Business Daily Media

The key to calculating your small business pricing model

  • Written by Sharon Crombie, CEO & Founder, MicroChilli

Despite the challenges associated with running a business during the pandemic, the latest figures from the Australian Bureau of Statistics (ABS) reveal that the country’s business count grew by 3.8% in 2020-21. However, this accounts for an entry rate of 15.8% and exit rate of 12%, meaning over 277,600 businesses closed their doors over the period.

Poor financial management tends to be one of the key factors that contributes to the failure of small businesses, and the pricing model business owners set for themselves when they start out has an important role to play here.

Pricing and timing go hand in hand

Just like it’s vital to create a business plan to ensure there’s a need for your product or service before going to market, it’s imperative that you put the time aside to create your pricing model before you open your physical or virtual doors.

This is because it’s incredibly difficult to increase pricing once it’s been set. Customers and clients become accustomed to paying a particular sum for a product or service, and unexplained price increases can inevitably see them go elsewhere.

Adhering to a tried and tested formula

Following a proven formula can help you take the guesswork out of creating product and service based pricing. By ensuring it accounts for fixed costs, which remain the same regardless of the number of units you sell, and variable costs such as those incurred to make a product or provide a service that will change depending on the number of units sold, you’ll be much more likely to build a successful business.

Calculating pricing based on what you think might be right, can lead to undercharging and ultimately a company that is not sustainable in the long term.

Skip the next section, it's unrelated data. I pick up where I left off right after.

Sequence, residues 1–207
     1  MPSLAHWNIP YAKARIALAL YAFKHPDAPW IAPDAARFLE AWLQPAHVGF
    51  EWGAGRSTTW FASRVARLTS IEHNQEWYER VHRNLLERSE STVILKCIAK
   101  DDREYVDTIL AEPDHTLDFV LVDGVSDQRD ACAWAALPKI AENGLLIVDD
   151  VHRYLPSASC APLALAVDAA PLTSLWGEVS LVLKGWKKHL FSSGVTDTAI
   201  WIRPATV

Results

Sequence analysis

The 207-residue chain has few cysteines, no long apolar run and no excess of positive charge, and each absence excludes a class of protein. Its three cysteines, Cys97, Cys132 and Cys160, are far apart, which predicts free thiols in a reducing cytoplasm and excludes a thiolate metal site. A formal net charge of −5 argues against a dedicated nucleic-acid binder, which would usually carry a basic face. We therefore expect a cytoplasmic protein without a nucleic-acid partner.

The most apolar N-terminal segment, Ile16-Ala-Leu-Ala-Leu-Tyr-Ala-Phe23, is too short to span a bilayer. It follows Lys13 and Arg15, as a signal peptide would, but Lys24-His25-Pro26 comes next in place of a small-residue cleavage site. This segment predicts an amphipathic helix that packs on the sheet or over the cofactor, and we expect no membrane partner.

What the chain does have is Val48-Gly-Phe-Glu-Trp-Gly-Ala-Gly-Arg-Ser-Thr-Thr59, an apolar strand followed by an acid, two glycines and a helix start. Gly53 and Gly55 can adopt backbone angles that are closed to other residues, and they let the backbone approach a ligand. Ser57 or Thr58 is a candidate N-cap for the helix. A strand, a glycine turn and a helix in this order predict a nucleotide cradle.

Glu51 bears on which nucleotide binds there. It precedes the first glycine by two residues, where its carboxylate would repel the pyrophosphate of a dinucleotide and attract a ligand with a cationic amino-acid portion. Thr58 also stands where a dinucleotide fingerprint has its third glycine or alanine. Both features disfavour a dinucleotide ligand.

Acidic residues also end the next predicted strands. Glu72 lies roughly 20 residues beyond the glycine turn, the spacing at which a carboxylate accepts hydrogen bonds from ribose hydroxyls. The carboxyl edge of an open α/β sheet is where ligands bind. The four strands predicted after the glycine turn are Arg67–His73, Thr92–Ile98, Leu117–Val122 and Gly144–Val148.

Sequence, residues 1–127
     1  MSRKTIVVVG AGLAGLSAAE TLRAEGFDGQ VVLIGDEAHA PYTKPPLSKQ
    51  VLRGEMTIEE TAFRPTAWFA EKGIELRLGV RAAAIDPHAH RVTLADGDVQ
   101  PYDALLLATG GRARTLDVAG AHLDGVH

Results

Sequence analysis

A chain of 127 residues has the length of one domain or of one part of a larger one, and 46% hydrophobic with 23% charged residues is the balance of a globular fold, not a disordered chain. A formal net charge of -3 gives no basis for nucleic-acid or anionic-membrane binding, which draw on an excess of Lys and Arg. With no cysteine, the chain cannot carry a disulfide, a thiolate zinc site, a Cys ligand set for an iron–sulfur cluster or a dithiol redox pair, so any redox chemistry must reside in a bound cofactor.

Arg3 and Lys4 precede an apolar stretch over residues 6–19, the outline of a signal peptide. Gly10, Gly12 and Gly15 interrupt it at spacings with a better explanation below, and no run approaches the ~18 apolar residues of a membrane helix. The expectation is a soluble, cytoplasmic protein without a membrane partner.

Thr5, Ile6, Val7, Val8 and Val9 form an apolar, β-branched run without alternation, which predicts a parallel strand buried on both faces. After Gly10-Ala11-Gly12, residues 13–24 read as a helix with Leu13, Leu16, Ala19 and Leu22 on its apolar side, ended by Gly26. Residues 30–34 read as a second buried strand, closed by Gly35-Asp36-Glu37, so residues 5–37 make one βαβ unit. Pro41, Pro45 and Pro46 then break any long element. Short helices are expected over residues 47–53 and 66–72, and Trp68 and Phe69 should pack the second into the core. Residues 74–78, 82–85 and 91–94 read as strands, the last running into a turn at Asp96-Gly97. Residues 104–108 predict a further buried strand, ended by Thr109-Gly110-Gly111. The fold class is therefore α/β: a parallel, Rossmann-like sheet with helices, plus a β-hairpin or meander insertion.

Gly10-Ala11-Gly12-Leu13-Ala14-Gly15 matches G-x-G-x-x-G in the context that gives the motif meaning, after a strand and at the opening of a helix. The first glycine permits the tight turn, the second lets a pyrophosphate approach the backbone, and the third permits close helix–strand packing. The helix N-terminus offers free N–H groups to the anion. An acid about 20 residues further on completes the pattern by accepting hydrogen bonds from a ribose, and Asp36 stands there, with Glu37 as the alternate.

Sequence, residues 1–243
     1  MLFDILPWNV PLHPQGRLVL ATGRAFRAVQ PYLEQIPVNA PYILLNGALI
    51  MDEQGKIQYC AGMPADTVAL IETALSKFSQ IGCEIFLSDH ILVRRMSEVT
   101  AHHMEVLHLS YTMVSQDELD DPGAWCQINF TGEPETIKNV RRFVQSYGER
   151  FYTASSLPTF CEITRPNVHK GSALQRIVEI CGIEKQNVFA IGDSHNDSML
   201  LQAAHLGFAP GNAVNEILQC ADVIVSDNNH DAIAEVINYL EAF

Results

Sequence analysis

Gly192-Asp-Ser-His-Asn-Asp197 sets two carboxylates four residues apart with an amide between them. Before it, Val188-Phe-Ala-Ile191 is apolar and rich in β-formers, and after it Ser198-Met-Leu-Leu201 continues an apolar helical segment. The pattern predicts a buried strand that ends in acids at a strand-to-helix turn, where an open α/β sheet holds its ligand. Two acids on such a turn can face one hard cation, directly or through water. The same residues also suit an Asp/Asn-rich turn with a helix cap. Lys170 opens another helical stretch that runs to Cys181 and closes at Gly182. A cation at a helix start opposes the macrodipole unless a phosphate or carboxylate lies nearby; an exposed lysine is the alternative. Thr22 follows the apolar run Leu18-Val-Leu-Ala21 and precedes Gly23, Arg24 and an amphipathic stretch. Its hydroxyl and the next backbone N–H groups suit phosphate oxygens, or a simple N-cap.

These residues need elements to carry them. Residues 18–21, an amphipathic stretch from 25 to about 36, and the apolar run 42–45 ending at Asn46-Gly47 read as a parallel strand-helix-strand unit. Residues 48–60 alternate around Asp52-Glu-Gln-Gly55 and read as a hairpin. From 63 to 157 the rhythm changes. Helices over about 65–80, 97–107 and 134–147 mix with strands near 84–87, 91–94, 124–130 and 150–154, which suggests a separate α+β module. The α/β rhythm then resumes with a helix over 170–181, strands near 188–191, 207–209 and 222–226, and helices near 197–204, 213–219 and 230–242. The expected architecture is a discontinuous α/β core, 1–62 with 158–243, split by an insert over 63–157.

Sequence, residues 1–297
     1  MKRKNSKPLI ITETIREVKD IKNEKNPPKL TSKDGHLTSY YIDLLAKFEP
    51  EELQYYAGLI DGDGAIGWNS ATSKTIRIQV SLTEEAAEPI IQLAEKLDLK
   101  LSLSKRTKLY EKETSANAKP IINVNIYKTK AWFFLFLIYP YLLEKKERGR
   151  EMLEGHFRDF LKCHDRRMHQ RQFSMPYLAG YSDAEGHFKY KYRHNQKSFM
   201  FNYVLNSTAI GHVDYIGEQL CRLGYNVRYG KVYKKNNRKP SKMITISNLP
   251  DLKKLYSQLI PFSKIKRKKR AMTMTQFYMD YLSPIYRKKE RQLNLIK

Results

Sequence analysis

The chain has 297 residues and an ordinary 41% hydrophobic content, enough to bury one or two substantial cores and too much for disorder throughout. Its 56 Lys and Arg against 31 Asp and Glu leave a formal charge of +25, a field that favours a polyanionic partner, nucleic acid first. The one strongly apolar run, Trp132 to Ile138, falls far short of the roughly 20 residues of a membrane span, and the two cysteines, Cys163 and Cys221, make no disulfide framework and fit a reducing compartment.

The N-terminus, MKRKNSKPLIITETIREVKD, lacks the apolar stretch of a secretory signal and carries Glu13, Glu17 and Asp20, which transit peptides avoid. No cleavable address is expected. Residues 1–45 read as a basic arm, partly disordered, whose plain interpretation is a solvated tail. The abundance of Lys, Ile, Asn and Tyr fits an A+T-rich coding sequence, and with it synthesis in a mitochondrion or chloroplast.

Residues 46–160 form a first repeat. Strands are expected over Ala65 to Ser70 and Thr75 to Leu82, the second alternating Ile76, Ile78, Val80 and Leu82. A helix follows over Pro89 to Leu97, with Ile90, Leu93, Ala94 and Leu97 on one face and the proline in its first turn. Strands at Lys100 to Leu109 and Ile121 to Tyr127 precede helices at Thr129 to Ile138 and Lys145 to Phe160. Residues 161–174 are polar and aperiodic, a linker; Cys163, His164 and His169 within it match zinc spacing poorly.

Perfecting a product-based pricing model

Product and service pricing models vary. When it comes to setting product-based pricing, aim to follow these steps:

  • * Assess the costs involved in creating each individual product, whether that’s ingredients for a dish on the menu, materials for a garment, components for a piece of technology, or other.

  • * Set your hourly rate, and those of your future employees.

  • * Consider the time it will take you and/or your future employees to create each individual product you’ll be selling, based on the rates you set.

  • * Consider all other additional costs that are incurred annually as a result of you creating your product, such as rent, electricity, equipment and subscriptions.

  • * Add these figures up together as a whole, and then portion them out per product. If for example, you plan to sell 1,500 garments, calculate this overarching figure, and then portion it out per unit price to arrive at your end figure.

  • * Generally, businesses increase their prices on an annual basis, so ensure you repeat this process whenever you plan to adjust your pricing, so that you’re offering a competitive yet profitable rate per product.

Considerations when setting service-based pricing

For service-based pricing, it might seem like overheads are a lot lower so there’s less to consider, however it’s equally important to calculate this well in advance.

The following steps are key:

  • * Determine your hourly rate before anything else, and stick to it. This can be calculated based on your industry, niche expertise, and years of experience. Money really is a mindset here, so it’s vital that you remove any emotion and avoid undervaluing yourself to secure more business, especially in the early days. Steer clear of negotiating with a potential client if they don’t want to pay you what you initially set forward in your quote or proposal, because chances are you’re not a good fit for one another in the first place.

  • * Once you’ve figured out your rate, consider the number of hours each task or service will take you to complete. Depending on your business model, this can be calculated by either breaking your offering down into individual services, or monthly packages.

  • * Add between 20% and 30% gross margin on top of each service or package, to ensure you have margin – and cash – ​to cover the cost of overheads incurred as a result of providing your services, such as rent, equipment, electricity and subscriptions.

Whether you’re establishing a product or service-based business, determining your pricing in line with a proven formula before you launch will lead to a much higher success rate. At the same time, it’s not too late to take this route if you’ve already launched, in order to build a sustainable and successful business, however effective communication with customers and clients will ultimately be key here.

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